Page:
Extracted from the Congressional Globe
Mr. WILLEY. I desire to throw myself on the indulgence of the Senate this morning and ask them to postpone all prior orders with a view of taking up Senate bill No. 365, providing for the admission of the State of West Virginia into the Union.
Mr. TRUMBULL. I hope that bill will not be taken up. It seems to me that we are not prepared to act definitely on that subject now. At any rate there is much other important business, and we are approaching what seems to be considered by most members of Congress the close of the session, and it seems to me we should not take up a bill of that character which will certainly lead to very protracted debate before it can be passed, if it can be passed at all. I hope the Senate will not consent to postpone all other business, and employ its time in discussing that question at present. We may as well have the test question upon taking it up. If that bill is to be taken up and other business postponed - if that is the sense of the Senate - the sooner we know it, and are prepared to decide upon it definitely, perhaps the better. I ask for the yeas and nays on taking up that bill, and I hope that may be regarded as decisive of our disposition to go on with it.
The PRESIDENT pro tempore. The Senator from Virginia moves to postpone all prior orders, and that the Senate proceed to the consideration of the bill for the admission of West Virginia into the Union, and upon this motion the yeas and nays are demanded.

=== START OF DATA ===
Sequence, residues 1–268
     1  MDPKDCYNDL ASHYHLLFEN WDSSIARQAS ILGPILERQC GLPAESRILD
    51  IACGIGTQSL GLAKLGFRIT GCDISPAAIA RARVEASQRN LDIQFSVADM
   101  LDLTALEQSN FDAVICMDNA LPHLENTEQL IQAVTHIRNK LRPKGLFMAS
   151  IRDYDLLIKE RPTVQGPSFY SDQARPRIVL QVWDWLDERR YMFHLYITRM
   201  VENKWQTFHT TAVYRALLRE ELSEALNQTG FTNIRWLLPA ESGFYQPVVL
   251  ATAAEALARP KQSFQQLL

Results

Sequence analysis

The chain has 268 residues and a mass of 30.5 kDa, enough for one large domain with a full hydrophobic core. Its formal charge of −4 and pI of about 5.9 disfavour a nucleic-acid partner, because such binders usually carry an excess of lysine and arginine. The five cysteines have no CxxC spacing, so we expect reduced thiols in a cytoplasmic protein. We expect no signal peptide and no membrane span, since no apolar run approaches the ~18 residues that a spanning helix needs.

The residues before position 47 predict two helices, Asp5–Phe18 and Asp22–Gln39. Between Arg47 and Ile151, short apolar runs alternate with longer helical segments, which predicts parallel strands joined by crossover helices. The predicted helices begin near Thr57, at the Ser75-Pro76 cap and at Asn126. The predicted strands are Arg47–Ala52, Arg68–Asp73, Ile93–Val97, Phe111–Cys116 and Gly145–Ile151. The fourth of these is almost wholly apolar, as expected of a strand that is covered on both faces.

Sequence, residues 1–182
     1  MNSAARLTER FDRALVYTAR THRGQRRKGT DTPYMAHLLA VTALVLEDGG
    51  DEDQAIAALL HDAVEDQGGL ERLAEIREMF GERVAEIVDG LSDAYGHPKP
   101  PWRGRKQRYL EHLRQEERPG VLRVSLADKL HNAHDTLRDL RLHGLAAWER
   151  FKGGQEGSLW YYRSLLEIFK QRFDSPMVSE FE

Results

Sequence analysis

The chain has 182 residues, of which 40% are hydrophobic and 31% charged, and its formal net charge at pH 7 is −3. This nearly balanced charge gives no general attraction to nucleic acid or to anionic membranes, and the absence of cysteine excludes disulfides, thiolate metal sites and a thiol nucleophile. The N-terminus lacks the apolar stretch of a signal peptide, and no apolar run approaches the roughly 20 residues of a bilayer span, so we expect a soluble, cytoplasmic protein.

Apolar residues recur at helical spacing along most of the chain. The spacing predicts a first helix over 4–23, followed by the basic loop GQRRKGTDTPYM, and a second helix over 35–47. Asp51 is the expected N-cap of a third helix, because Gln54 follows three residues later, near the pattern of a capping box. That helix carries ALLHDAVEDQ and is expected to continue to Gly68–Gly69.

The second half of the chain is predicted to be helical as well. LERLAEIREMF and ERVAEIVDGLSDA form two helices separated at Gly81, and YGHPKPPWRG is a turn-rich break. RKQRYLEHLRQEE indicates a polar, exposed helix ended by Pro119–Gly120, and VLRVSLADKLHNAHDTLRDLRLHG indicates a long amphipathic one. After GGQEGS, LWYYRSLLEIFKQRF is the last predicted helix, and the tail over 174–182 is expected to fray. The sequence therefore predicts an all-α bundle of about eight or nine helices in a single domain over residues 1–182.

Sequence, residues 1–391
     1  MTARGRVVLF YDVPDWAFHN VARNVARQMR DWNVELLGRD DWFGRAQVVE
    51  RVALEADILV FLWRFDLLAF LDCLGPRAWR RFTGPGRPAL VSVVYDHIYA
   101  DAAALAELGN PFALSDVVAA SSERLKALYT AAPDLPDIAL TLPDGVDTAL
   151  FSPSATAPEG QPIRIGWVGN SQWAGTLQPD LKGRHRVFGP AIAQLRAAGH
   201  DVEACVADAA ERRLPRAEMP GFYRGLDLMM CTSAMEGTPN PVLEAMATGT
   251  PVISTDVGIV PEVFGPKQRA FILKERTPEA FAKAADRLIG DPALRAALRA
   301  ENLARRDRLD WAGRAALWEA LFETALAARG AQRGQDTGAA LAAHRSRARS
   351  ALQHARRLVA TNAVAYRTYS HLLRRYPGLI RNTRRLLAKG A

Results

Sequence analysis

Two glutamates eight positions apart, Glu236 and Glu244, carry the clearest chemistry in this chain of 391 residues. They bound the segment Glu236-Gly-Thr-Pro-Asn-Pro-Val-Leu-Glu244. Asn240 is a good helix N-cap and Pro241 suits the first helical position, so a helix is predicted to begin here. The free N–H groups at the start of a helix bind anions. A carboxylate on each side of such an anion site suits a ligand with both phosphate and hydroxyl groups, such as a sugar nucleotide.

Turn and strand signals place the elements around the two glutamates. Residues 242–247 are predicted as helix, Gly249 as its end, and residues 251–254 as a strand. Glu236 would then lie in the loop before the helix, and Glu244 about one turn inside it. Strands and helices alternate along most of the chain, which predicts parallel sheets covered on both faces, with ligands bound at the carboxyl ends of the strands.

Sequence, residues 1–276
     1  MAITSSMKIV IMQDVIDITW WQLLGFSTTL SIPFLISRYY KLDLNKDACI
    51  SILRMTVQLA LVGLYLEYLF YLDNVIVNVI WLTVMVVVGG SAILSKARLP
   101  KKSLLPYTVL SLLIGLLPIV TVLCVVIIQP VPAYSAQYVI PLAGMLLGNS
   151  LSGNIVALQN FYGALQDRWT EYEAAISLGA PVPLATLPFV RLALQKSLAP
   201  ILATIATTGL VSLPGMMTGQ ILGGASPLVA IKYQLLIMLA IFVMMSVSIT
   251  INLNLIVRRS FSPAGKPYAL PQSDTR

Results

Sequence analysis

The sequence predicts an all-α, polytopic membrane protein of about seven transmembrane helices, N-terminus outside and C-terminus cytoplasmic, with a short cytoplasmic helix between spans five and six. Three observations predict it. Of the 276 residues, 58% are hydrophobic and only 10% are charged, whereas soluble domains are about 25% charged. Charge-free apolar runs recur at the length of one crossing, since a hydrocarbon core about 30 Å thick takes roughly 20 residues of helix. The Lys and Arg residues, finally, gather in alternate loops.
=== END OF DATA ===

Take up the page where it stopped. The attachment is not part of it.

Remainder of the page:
The yeas and nays were ordered.
Mr. WILLEY. I regret very much that the Senator from Illinois takes the view of the subject he has expressed. This matter comes before the Senate, not merely by the certification of the assent of the Legislature of Virginia, one of the States of this Union, but it comes with the language of request and memorial upon the face of the act of assent itself, soliciting Congress to admit this new State as one of the United States. It comes, then, with all the authority of the legislative voice of one of the States of this Union. It has been presented here for several weeks; six weeks ago I submitted it; the report of the committee has been on the table for some time; the amendments proposed by that report have been printed, and Senators have had ample time to look into the question and form a judgment on the subject. It seems to me that the Senate ought not to disregard, especially under the circumstances, the voice of the Legislature of one of the States of this Union; and that section of the State which is most interested in this matter, which it is proposed to erect into a separate State of the Union, makes an appeal to the Senate of the United States under circumstances which it seems to me ought not to be disregarded at this day. She stands here with her heart bleeding; with all her industrial interests and commercial interests prostrate. She comes here with her fields desolated, with a heart that has never flinched in the contest for this Union, keeping her internal foes, as well as her external adversaries, at bay. From every quarter and section of this new State, I receive letters by the dozen daily that unless some relief is given to that section, the Union men must take their families and find homes in the West That will be the result of the denial of the petition of this State. I say what I know, and I say it with no view of influencing the Senate by any words of menace. Far be it from me to use words of menace, if I had the power so to do towards a body like this; but I say the result will be - I have the best evidence in the world of it - that the leading Union men and all who are able to get out of that State, for which we have been fighting and bleeding and standing firm to this day, will inevitably be compelled to leave their homes and their firesides and seek as best they may an asylum somewhere else. That, sir, is the fact, and there is another fact I will mention -